TABLE 1______________________________________Summary of Adsorption Properties of LZ-200                           Gas Adsorption,Adsorbate   Temperature,  C.                Pressure, torr                           cc/g LZ-200______________________________________O2 -183          10-750    Not adsorbedO2  0           300-750    Not absorbedNe      -196         100-750    Not absorbedCH3 OH   23           80         0.015-0.045CO2   23           100        0.89-0.124                750        0.155-0.162H2 O   23           4.6        0.174-0.184                19.5       0.203-0.206______________________________________

The preferred as-synthesized form of LZ-200 is the sodium form, having a composition in terms of mole-ratios of the oxides on an anhydrous basis of:

0.9-1.1 Na2 O:Al2 O3 :1.9-2.4 SiO2' 

and having a characteristic X-ray powder diffraction pattern as shown in Table A.

The following examples illustrate a method of making LZ-200.


Feed solutions supplying alumina, silica, sodium hydroxide and water were made a day before the synthesis run.

An aluminate feed solution was prepared, by dissolving in water, flake NaOH containing 76.2 wt.% Na2 O and stirring in Alcoa C-131, a commercial hydrated alumina containing 65.0 wt.% Al2 O3. Using a steam coil, the solution was heated at 114 C. for 30 minutes and left to cool overnight to 55 C. in a feed tank until the synthesis run began.

A silicate solution was prepared by adding Grade 40 sodium silicate, a silicate containing 9.0 wt.% Na2 O and 28.6 wt.% SiO2' to water in a feed tank at room temperature and letting it stand until the day of the run. The composition of the aluminate feed solution in terms of weight-percent of oxides was:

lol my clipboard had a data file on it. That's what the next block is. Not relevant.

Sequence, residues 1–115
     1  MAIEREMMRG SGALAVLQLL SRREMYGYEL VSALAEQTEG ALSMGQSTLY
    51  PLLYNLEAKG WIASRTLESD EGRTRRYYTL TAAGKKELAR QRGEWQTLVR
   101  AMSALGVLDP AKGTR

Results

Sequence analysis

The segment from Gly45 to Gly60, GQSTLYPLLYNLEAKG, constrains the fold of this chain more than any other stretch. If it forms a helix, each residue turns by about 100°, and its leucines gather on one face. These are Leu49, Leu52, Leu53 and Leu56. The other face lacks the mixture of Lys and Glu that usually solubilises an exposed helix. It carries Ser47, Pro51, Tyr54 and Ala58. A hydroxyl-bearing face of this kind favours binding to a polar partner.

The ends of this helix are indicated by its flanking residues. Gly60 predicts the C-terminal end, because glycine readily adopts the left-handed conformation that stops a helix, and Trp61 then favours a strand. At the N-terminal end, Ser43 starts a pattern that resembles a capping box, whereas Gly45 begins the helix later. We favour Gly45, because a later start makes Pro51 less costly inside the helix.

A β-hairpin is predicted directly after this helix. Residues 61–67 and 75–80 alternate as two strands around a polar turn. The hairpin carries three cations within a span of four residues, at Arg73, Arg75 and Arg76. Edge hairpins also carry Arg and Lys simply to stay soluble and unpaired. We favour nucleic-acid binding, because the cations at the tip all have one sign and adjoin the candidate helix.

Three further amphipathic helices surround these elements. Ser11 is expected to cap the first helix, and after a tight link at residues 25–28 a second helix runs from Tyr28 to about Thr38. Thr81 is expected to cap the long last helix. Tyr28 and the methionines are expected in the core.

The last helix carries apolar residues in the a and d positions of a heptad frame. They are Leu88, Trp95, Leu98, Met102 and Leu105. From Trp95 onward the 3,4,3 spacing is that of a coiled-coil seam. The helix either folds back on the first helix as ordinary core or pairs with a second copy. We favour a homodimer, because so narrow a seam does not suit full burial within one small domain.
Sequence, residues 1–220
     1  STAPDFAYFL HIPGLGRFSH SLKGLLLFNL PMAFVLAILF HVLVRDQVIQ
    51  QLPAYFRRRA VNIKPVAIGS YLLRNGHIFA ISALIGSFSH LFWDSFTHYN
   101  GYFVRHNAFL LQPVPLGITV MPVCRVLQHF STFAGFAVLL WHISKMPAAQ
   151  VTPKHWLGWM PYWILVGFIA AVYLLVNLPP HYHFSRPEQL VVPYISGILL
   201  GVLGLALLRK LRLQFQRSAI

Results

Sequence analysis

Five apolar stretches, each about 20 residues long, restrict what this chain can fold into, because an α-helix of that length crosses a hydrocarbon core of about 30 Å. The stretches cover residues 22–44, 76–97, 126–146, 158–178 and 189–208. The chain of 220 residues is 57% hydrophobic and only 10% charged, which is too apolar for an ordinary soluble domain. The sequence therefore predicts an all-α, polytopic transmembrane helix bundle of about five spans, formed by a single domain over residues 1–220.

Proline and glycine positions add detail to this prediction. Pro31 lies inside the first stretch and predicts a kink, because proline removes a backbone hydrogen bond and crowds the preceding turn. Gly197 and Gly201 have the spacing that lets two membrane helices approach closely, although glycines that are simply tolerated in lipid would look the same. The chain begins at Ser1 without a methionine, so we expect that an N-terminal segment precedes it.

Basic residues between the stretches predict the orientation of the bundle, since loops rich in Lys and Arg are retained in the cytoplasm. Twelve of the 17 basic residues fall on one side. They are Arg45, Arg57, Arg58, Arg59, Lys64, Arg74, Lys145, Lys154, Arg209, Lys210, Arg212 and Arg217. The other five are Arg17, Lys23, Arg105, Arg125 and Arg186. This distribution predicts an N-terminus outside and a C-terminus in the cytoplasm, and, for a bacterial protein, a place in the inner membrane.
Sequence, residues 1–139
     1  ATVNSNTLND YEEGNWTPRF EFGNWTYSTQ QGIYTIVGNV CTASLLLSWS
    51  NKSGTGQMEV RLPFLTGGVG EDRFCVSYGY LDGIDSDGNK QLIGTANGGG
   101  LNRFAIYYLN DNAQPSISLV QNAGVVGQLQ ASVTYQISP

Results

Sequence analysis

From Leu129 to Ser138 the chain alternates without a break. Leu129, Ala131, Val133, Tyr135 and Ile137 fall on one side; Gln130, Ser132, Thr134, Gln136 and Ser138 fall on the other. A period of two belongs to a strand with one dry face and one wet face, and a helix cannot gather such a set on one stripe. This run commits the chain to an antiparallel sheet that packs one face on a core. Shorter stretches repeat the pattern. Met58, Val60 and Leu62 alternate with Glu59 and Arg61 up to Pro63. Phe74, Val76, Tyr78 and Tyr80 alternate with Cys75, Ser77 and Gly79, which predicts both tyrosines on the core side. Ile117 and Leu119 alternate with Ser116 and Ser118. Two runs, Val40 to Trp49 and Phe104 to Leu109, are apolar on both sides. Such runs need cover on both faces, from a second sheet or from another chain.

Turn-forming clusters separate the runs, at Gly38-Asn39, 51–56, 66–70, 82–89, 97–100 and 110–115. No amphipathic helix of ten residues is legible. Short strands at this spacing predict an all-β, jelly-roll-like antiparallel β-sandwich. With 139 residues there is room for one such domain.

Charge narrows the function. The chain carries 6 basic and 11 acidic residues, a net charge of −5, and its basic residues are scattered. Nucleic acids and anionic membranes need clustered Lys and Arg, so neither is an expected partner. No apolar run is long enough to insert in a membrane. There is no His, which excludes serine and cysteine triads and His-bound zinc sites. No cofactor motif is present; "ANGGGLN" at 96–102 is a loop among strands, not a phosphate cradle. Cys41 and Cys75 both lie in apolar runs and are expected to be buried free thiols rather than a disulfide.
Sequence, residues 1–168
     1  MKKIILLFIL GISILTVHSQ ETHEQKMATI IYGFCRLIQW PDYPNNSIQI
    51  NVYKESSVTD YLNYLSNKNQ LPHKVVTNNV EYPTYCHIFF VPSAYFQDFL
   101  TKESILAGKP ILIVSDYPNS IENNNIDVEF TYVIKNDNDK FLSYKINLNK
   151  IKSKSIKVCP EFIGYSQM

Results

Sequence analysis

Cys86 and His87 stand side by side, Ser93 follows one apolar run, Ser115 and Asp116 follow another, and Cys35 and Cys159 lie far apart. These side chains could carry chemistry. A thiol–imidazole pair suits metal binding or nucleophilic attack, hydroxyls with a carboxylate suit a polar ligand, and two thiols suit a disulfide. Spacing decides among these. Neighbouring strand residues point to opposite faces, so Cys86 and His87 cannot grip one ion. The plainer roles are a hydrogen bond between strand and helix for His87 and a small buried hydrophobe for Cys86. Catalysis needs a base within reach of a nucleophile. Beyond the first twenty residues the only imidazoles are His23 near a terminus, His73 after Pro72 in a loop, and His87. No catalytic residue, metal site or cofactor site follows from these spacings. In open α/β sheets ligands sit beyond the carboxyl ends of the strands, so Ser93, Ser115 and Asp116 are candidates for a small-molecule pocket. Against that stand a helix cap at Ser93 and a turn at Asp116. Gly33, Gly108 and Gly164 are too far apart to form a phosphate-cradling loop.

20.0 Al2 O3 :18.2 Na2 O:6.18 H2 O.

The composition of the silicate solution in terms of weight-percent of oxides was:

13.4 SiO2 :4.64 Na2 O:81.2 H2 O.

Before the run, a reactor was charged with a hot-mixed gel batch. This batch was prepared by separately heating to 100 C. a portion of the sodium silicate and sodium aluminate feed solutions prepared as described above. The proper amount of sodium silicate solution to give the required gel composition was then mixed into the sodium aluminate solution, using a mixer fitted on the reactor. The mixer was then left on throughout the entire synthesis run as described below.

The resultant gel composition in terms of moles of oxides was:

1.76 SiO2 :Al2 O3 :2.06 Na2 O:56 H2 O.

The reactor was a 12-liter stainless-steel flask fitted with reflux condenser. Liquid level in the reactor was maintained by suction through a constant-level tube fitted to maintain a liquid volume in the reactor of 5 liters.

The mixer was 1/10-horespower with two three-blade marine-type propellers 2 inches in diameter, and operated at speeds ranging from about 3000 to 5000 RPM.